Agam Shah for IDG News Service via PCWorld: Lazy people will love Windows 10 and its ability to automate home tasks, and the operating system's smart-home credentials are getting a serious boost with a recent internet of things pact.
Microsoft wants to put Windows 10 at the center of smart homes. The company wants users to be able to tell the operating system's Cortana voice assistant to switch on a light, open a door, release food for a cat, and even check the contents of a refrigerator.
For Windows 10 to be successful, the OS will have to work with a wide range of smart home and IoT devices, and that goal has taken a big step forward thanks to a recent agreement between standards bodies the Open Connectivity Foundation (OCF) and the Thread Group. The two organizations will work together on improving interoperability between smart home and IoT devices.
This means devices running Windows 10 will be able to connect with most smart home products and program home automation tasks based on events or times of the day. Cont'd...
David Priest for CNet: Staples has officially announced that it's handing over sales and support for its home automation system Connect to Z-Wave Products. Though the exact terms of the deal remain undisclosed, Z-Wave has purchased Staples' inventory and licensed the Staples Connect brand to use moving forward. According to representatives at Zonoff, the company that has supported Connect's software and will continue to do so with Z-Wave, users should experience no practical change to their Connect automation systems.
This transition isn't a surprise to many industry watchers. Staples stopped selling the Connect hub months ago, and rumors began to swirl that the office supply retailer might be planning to unplug its internet of things ecosystem altogether. In April, the company said it would be releasing a statement about Connect's future sometime in the coming weeks. As many users waited anxiously, Staples finally opted to keep Connect alive, handing it off to a third-party caretaker. Cont'd...
Andrew Burger for TeleCompetitor: Travelers are more willing to make a reservation for short-term rental housing if the housing has smart home features, according to a rentals and smart home survey conducted by Edelman Intelligence for smart home products provider August Home, Inc.
Eighty percent of vacation guests and 92% of business travelers said they would be more likely to complete a reservation for short-term accommodation rentals that were equipped with smart home technology, such as smart door locks, lighting, smart TVs, entertainment systems and doorbell cameras. Cont'd...
By Luke Dormehl for DigitalTrends: There’s no doubt that device-filled connected smart homes are on the way. The real question is how we’re going to control them.
That was the starting point of a nifty proof-of-concept project created by interaction designer Ian Sterling and software engineer Swaroop Pal during a recent HoloLens hackathon in San Francisco. Their augmented reality pitch shows how smart devices could be controlled with glances and gestures — in what Sterling calls a “virtual Zen mode,” complete with calming lights and sounds. Full Article:
CXOtoday News Desk: Consumers will increasingly use digital personal assistants to interact with consumer services in the connected home, says Gartner. Gartner predicts that, by 2019, in at least 25 percent of households in developed economies, the digital assistants on smartphones and other devices will serve as the primary interface to connected home services.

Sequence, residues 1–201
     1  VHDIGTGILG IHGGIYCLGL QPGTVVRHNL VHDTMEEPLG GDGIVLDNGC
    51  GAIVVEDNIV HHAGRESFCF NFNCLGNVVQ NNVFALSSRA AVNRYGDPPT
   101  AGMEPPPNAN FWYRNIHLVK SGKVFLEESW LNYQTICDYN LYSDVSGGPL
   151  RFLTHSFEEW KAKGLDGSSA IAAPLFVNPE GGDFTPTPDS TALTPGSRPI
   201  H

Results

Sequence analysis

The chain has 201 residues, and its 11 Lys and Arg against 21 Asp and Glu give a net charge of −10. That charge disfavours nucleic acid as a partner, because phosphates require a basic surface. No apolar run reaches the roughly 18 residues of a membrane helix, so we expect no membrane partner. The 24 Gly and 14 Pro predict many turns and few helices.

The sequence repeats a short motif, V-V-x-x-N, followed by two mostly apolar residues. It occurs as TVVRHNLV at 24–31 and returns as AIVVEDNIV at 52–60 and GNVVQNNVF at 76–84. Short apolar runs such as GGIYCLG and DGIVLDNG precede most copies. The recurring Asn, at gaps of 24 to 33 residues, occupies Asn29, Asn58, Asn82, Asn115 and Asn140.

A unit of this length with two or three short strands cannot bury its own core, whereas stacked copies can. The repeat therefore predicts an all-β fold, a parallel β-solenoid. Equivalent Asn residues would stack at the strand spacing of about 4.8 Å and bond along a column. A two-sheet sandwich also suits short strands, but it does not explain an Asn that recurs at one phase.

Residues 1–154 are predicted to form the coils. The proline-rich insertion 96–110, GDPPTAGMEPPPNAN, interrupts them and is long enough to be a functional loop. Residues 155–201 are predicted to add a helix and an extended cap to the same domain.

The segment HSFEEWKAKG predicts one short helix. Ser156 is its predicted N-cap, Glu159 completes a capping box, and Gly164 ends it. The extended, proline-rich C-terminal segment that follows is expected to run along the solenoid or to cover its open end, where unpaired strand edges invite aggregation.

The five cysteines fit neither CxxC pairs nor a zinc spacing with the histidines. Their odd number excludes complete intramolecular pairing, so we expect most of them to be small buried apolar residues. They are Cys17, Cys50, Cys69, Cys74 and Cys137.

“In the not-too-distant future, users will no longer have to contend with multiple apps; instead, they will literally talk to digital personal assistants such as Apple’s Siri, Amazon’s Alexa or Google Assistant,” said Mark O’Neill, research director at Gartner. “Some of these personal assistants are cloud-based and already beginning to leverage smart machine technology.”
Digital personal assistants show the potential to satisfy wants and needs by delivering experiences that connect services, configure devices and even order and deliver products. Personalized, context-aware information can also be presented as it is wanted or needed — for example, suggestions for restaurants near planned meetings, or recommended temperature settings for the home to optimize energy consumption and comfort in line with the weather. Cont'd...
Rob Stott for Dealerscope: Not to say that the Home app is a killer to companies/platforms like Control4 and Crestron, but Apple is clearly encroaching on their space.
That said, the aforementioned companies don’t necessarily see this as a problem. Rather, as Paul Williams, Control4’s VP of Solutions, put it, it’s more of an opportunity.
“We would put this in the category of something that we think helps the smart home automation market,” Williams recently told Technology Integrator. “much like when, in the rise of the Internet of Things and IoT, what it’s really done has opened up consumers’ eyes to the possibilities. We’ve said, long before IoT came around, the biggest hurdle that we have in this space for us and other manufactures that specialize in home automation is customer awareness. Customers don’t even realize that this technology is available, that they can even do these kind of things, that there’s these sophisticated but simple-to-install and simple-to-use home automation systems that allow them to have great experiences in their homes.” Full article: